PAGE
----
Going for gold
In Eastern Oregon, during the Depression, we kids had little chance to earn money. Babysitting was not an option. Families took children with them everywhere. Monument had no fast-food restaurants for part-time jobs. Boys could work as hay hands, but gals didn’t often work in the fields.
During those hard times, ranchers did not lack for food and were largely self-sufficient in that respect. They had wood for heat and cooking, a roof over their head, and clothing — hand-me-downs though they might have been. Cash was what they lacked.
As a kid, not yet in high school, I sometimes overheard my parents discussing this lack of money. And I greatly wished I could help. True, I helped in many ways. I brought in the cows. I helped mother with canning, washing the clothes and dishes, shelling peas, digging potatoes, churning butter. But I wanted badly to be a heroine and bring in money to help them through hard times. I spent considerable time thinking about how I could come by money.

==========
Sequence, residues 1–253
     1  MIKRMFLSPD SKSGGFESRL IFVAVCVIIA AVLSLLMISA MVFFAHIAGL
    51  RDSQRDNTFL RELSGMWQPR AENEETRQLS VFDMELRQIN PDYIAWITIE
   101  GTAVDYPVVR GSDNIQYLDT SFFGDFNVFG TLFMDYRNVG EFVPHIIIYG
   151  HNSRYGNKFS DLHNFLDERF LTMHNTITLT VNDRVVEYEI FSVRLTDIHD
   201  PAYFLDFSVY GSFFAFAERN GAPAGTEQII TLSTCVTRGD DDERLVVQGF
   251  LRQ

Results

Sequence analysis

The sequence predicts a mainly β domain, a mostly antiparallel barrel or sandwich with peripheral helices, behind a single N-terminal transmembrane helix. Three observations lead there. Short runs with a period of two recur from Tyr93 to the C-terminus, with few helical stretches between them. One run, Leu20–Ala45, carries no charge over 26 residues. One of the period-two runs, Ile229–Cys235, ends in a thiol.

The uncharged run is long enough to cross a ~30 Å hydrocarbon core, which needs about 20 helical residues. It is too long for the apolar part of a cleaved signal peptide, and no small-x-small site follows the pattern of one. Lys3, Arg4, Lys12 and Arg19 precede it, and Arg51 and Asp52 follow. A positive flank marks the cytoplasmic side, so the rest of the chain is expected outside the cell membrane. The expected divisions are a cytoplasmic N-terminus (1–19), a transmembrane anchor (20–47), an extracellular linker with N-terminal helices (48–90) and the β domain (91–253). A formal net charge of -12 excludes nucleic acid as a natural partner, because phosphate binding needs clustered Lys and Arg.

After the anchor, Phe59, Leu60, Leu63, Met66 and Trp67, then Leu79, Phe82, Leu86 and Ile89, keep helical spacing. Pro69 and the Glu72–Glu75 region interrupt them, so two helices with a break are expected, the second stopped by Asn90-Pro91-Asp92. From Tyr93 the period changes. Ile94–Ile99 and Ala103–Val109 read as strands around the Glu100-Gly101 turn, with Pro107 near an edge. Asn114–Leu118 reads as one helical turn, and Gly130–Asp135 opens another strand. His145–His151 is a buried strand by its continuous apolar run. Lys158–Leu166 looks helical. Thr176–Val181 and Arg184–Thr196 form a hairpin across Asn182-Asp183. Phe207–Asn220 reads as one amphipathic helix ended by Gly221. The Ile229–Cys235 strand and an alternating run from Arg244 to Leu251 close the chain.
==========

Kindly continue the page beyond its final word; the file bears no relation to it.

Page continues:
After much thought, I conceived a plan. I would look to our land. I believed in our land. It raised crops. It provided feed for our cattle. It gave us a home site. I had hiked about every acre of its rims, flats, steep canyons, pine forests and banks along the John Day. I knew it well. It was cattle country, horse country — but it was also gold country. And I was sure that not only gold but other precious metals and stones were on our land.
My stepfather, who knew Eastern Oregon well, told us about the “opals” we found imbedded in rocks on the ranch. They were “soft” opals, he said, not suitable for jewelry. But I reasoned that if our ranch had soft opals, it might well have the valuable kind. Assuredly, I knew nothing about geology, but I could keep my eyes open. And, after all, the kids who discovered the Blue Bucket Mine had had no knowledge of geology, either.
Then, too, on our ranch, we found thunder eggs — big, almost perfectly round cannonball rocks. I had never heard of thunder eggs before, nor had my mother, but the dictionary explained that these thunder eggs were “chalcedony in rounded concretionary nodules.” And that chalcedony was “a precious stone: a translucent quartz that is commonly pale blue or gray with nearly waxlike luster.”